Protecting the Poppy – A job well done
A few words from Simon Darby. Still a bit tired but thought I'd put down a few words before I forget the detail. After all, what we did yesterday down in London was somewhat important. Somebody had to be on guard through the night, protecting the dignity of our servicemen, and I'm glad the honour fell to the British National Party.
Yesterday didn't start very well, though, with a puncture near to Rugby adding the best part of an hour onto my trip down to London. Thinking I had the easy answer, my hopes were dashed when the instant tyre repair compressor kit failed miserably.
Thankfully, arriving in north London, the day started to improve as the lovely Claudia thrust a large glass of red wine into my hand. With just a little time to recharge the flagging and inept power cells of my iPhone, I was soon off, heading towards the Royal Albert Hall by car, thankfully not by tube.
Arriving there, Adam Walker and Mark Walker had already established a Nationalist base camp just up from the RAH, pretty near the spot where the Muslim extremists had committed their foul and infamous stunt last year.
With plenty of through traffic on the junction of Kensington Road and Exhibition Road, we decided that this was where we would make our stand. The Metropolitan Police had, by this time, spoken to Adam and seemed to be quite relaxed about the whole arrangement. My only concern at the time was that people having been told to arrive at the RAH would not see where we were.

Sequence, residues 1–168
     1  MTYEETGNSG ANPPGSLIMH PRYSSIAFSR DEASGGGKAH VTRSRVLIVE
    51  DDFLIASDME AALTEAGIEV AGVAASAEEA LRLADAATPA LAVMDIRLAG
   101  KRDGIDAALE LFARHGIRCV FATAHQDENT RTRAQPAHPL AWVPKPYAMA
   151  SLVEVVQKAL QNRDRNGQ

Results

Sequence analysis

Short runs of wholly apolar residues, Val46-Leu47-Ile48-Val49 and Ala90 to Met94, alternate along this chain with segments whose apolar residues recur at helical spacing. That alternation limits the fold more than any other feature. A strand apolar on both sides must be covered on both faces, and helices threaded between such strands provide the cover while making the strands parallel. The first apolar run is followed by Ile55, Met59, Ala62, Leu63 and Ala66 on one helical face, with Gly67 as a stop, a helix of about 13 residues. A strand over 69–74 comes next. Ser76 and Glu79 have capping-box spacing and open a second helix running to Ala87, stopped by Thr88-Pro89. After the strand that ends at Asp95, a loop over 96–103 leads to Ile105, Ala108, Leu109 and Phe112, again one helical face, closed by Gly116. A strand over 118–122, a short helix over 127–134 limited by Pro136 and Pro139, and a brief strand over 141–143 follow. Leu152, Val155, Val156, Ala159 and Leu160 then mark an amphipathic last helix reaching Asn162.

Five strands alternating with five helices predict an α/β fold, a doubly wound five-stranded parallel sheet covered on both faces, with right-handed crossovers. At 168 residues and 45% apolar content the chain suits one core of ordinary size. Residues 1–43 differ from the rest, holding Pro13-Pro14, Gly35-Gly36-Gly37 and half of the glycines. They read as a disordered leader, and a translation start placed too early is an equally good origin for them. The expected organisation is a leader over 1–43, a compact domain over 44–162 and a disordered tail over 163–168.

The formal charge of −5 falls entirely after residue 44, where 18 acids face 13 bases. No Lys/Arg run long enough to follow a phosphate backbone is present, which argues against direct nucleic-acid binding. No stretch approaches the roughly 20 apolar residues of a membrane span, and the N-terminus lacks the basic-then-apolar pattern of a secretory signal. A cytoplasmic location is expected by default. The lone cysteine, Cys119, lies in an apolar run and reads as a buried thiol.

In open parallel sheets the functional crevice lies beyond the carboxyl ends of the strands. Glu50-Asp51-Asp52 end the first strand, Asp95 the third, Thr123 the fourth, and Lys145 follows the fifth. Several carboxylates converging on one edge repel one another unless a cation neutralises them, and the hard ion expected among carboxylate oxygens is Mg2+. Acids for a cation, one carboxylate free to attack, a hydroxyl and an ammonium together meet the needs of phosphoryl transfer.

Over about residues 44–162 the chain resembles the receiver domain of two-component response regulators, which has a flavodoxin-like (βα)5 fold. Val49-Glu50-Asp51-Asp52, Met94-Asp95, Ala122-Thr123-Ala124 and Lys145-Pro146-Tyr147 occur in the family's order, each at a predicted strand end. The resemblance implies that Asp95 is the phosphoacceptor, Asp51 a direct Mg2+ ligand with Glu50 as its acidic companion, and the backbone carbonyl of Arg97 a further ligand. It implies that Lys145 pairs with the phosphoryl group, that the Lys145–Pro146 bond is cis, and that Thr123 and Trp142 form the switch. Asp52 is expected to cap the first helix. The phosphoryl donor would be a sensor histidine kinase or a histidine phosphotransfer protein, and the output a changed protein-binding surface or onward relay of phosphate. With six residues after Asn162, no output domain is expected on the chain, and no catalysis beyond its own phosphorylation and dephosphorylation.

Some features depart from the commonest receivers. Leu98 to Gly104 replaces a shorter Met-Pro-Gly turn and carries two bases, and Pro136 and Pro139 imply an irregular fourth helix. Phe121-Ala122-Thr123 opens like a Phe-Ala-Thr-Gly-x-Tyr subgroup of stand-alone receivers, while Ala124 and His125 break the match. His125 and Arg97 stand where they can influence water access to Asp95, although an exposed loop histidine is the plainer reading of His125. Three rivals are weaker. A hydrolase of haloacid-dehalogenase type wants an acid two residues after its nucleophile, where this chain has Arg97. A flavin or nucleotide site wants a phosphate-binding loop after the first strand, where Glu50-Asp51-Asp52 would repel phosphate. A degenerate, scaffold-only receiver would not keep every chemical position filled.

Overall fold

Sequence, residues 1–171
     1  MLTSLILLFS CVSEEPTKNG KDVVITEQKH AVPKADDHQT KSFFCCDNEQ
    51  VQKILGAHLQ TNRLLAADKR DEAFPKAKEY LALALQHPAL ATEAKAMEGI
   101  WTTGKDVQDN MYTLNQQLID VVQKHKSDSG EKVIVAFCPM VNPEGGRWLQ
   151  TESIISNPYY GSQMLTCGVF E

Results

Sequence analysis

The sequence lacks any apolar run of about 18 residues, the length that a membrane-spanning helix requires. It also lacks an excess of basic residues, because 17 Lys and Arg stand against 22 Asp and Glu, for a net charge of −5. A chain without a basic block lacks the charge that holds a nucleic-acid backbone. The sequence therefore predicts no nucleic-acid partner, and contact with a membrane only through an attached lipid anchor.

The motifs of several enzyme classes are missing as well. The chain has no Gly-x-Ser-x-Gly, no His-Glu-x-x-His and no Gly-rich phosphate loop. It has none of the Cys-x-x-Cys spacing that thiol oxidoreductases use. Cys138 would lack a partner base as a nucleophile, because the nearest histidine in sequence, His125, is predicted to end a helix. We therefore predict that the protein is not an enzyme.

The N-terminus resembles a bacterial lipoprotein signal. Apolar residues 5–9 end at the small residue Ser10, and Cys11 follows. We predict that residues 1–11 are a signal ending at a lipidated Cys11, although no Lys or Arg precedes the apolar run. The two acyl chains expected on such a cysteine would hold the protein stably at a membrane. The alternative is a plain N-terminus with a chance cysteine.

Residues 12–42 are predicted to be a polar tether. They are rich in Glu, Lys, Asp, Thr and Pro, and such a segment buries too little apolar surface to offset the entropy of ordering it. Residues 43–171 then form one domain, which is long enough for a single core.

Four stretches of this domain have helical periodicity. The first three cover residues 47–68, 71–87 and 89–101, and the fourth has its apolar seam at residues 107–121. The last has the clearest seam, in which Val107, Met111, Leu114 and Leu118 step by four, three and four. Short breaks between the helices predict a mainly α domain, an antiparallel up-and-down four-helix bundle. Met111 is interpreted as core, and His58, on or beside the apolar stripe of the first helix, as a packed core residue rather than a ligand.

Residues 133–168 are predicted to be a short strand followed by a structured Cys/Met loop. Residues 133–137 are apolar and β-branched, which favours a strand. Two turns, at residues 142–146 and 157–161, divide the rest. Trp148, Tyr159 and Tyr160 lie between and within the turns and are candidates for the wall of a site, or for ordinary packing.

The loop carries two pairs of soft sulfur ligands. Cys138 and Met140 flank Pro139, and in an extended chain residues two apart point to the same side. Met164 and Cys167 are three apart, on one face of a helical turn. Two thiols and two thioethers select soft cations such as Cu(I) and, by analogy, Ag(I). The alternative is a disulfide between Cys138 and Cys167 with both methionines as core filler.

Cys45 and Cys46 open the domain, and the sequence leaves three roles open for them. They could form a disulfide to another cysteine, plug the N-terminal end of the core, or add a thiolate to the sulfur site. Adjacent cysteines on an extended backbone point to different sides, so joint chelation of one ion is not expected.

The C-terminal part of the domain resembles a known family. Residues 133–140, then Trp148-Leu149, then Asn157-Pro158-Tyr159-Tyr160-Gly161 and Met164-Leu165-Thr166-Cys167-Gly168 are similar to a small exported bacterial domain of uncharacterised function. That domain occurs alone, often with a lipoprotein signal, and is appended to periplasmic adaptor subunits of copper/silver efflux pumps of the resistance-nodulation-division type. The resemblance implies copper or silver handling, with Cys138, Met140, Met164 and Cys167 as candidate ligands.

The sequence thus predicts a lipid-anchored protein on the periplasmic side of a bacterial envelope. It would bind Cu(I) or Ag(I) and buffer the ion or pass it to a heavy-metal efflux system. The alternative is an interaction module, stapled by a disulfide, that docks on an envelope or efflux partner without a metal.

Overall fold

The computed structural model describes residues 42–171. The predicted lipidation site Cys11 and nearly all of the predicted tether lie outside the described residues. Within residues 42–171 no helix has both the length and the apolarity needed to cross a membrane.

With this thought in mind, I walked down to the RAH on a couple of occasions to meet up with a few stragglers and shepherd them into position. On finding an unusually large number of police vehicles at the back of the building, I was told that this was due to a bomb scare. Police officers confirming this asked what our business was and were told exactly why we were there. Not seeming at all bothered by this, they were however somewhat surprised to learn that we were staying in place all night. "They are not coming now; they've been banned," said one officer, to which I replied, "They are not banned until midnight and what is stopping them from changing their name?"
So the scene was set, with thirty or so of us in position with our "Protect the Poppy" placards, determined to see it through the night and to make sure that no desecration of a precious part of our British history and culture occurred. Throughout the night, we were reinforced by sympathetic individuals who, although not being able to last the pace, at least provided us with a little company.
As for the police, they never questioned us at all, having been told exactly why we were there and that we would not be "playing up". I suppose they could have come down on us for setting up a couple of gas stoves, but they simply were not interested, preferring instead to just stand to the right of us and park a van to our left. That suited us fine, as a huge pot of piping hot soup kept us going throughout the night.
Carlos Cortiglia, the British National Party's London Mayoral candidate, was there, busy talking to his constituents, and London Regional Organiser Steve Squire cheered us all up with a big bag of takeaway food.
The only drawback was that the nearest toilet was at McDonald's on Brompton Road, the best part of a two-mile round trip. Thankfully, generations of alcohol abuse has enabled favourable genetic bladder enhancements, and I only needed to make the trip once. Whilst doing so, I passed the Victoria & Albert Museum, still complete with the damage to its walls from the Blitz, wondering what the people who endured this horror would think of what we were camped out to prevent just up the road.